Hell is a life that is lived outside of the Way, Heaven is a life of communing with Christ and one another. We have glimpses of that in this side of eternity. For me, eternity is the fullness of the Way and hell is some dimension of separation from the Father. Just my own speculation. Of course I'm awaiting comments from those of you who have it all figured out : )


Wednesday, July 21, 2004

ok, I'm back from the family travels and let's just say its good to be home. Always a highlight is spending time with my wife and kids, especially since I'll be leaving them again soon. We did the Philly Zoo, cheesesteaks on south street, saw the ships at Penn's landing, went to the NJ shore, walked the boardwalk, ate boardwalk junk food (yes, another cheesesteak), chilled out at my brother's house for a couple days, spent the night at a hotel in downtown pittsburgh with a pool, Pirates game on monday night with $1 hotdogs (my family consumed a cool dozen) and now we're home.

One week from this evening, Palmer and I get on our first of 4 flights for a 13 day spiritual pilgrimmage. 5 days in the Ukraine teaching church planters, then 8 days in England and Scotland for quiet retreat, reading, writing and some good times of course. Suffice to say that I'm pretty excited but I need this week to prepare. Will share more details in the next couple days.

Stop and notice the Kingdom around you today.


Tuesday, July 13, 2004

Will be gone for a week with my family to Philly, New Jersey and Pittsburgh to visit my Dad and Brother. Looking forward to some concentrated family time before I depart for Europe for 2 weeks. I'm just not looking forward to my 10 hour drive tommorrow.


Monday, July 12, 2004

** Disclaimer **
I am about to give my opinion after watching Michael Moore's film Farenheit 9/11 and some of the issues that arise around it. If this will get you too riled up, please discontinue reading.

1) On a scale of 1-10, the movie gets a 3 overall (1 for footage, 1 for satire and 1 for soundtrack).

2) This movie is sophomoric in its attempt to make a point. He showed no restraint in making potshots, no discipline for arousing the jeers of an audience. It was a really un-intelligent attempt at a documentary. He does call it a "satire documentary" which I assume means take it as entertainment because it was by no means a documentary. It was 2 hours of the same stuff you can find in a 30 second T.V. spot on why not to vote for Bush.

3) I was really disappointed with the juvenile nature of his argument given the serious issues. The movie portrays many deaths of human beings and the reasons behind them. That kind of subject matter deserves dignity, reverence and responsibility. The movie offered none.

4) Numerous contradictions in rationale. He says that Bush spends too much time on vacation while at the same time arguing that he is a driven war monger. He says that the gov't spends too many resources through the patriot act infringing on our rights while at the same time pointing out that we don't spend enough resources on protecting our country leaving us vulnerable. That the Republicans and those in power have a lot of $ and can't understand the plight of the common man while not stating that of course Kerry and Edwards are both millionaires themselves.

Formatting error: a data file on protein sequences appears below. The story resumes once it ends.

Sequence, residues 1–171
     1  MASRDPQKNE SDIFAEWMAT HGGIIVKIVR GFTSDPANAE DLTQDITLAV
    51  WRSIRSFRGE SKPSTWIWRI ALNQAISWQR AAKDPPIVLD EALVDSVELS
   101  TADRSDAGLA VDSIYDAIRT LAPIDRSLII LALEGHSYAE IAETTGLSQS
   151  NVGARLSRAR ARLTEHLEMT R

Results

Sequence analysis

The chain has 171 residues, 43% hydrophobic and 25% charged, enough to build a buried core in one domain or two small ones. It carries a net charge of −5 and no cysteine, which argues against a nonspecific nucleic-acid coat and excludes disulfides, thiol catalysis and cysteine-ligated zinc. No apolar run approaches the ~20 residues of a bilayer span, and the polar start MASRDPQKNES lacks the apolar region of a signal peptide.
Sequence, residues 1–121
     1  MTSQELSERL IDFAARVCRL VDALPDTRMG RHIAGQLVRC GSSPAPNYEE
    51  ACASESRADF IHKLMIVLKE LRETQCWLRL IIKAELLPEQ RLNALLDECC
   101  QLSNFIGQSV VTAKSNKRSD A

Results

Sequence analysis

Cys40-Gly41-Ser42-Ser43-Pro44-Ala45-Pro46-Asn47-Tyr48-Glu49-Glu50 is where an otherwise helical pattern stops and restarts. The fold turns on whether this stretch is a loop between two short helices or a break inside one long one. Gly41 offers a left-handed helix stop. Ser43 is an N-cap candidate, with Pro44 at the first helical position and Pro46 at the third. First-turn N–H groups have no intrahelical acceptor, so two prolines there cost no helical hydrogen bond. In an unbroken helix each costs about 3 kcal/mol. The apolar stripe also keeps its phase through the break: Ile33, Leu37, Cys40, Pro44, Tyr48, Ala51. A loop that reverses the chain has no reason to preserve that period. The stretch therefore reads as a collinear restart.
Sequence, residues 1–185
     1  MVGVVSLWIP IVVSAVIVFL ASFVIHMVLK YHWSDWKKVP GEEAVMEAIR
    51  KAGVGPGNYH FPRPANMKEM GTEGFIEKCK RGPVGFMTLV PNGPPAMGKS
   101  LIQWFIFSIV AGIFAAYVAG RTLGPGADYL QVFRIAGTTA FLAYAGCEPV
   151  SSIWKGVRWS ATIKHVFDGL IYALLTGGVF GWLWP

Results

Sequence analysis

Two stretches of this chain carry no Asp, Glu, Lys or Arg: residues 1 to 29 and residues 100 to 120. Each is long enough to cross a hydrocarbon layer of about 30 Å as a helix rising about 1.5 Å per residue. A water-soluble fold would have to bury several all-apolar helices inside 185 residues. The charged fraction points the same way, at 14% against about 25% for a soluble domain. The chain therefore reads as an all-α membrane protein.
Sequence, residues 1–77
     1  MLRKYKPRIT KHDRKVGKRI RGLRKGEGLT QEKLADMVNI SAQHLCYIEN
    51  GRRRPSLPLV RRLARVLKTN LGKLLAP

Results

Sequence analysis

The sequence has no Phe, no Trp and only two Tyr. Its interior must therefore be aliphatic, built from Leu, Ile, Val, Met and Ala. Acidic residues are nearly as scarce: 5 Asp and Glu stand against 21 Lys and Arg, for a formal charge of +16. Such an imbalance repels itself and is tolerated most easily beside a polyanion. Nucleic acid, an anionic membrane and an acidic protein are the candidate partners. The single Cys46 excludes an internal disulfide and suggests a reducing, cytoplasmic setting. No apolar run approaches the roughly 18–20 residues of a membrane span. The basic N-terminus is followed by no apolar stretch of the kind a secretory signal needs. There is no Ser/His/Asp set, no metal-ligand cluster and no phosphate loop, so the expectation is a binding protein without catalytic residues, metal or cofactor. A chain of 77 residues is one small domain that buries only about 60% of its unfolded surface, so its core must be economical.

5) Blatant racism. He suggests that he is standing up for the viewpoints of black america but treats with extreme satire the perceptions of other nations. He dehumanized the people of Costa Rica, Iceland and Morrocco with wide-brushed stereotypes to make his satirical point. I found this to be one of his largest hypocrisies.

6) Promoted the American ideal of entitlement. He suggests that we should offer military service and the benefits of job and education that come along with it without the threat of serving in a war. That somehow we are entitled to an American life without the threats of staying free or working hard for it. I believe that "entitlement" may be one of the root causes of the destruction of America. By the way, this is why I vote. Because I don't believe that I am entitled to the life I live but rather I have responsibilities that come along with my freedoms and my global-relative comfortable way of life. I continually vote for a small gov't that is big on personal responsibility.

7) No real prescription, just satirical description. The film offered no suggestions but perhaps the inference to vote against Bush in November. For what? For more of the same? You see, I'm not Republican, Democrat or Independent. I vote for the candidate who most closely resembles my economic philsophy. Its not about haves and have nots, its about consistent values at every level. I believe in hard work, determination and personal responsibility. So I vote for those who are small gov't. and yet compassionate. My cynicism tells me to vote economics because all the pomp and circumstance is really about $$, not people or platforms. So I prefer for the $$ to go to people and I'll roll my dice there.

8) My one agreeing point is the lack of credibility in going to war with Iraq. But not for the conspiracy theories that Moore tries to piece together. I never liked the decision to go to Iraq, I have always viewed it as an unjust war. It is eerily similar to Vietnam. I am very sorry that soldiers and civilians have lost their life there. I am pro-peace. I do believe that (forgive me pacifist brothers) there is such a thing as justified war, but Iraq doesn't fit the description. And yes, I do find it conflicting to be a follower of Jesus and someone who can support an atrocity known as war . . . I desire peace for the nations.

So what do I prescribe? What is my hope if it isn't voting against Bush in 2004? As I've heard my bro, Palmer, say many times, "I swear singular allegiance to Jesus". Follow his Way. Die to yourself, embrace suffering, turn the other cheek, seek to create not destroy, give life don't take it away, give mercy, offer grace, love your neighbor, pay attention to your character, offer hospitality to the lonely, feed the hungry, teach the children, love goodness, seek beauty, embody hope . . . be a follower that is an ambassador to the ways of Christ. If your not a follower of the Way, ask Him for the grace to start that journey. I swear my allegiance to a risen Christ, and you can document my life for evidence.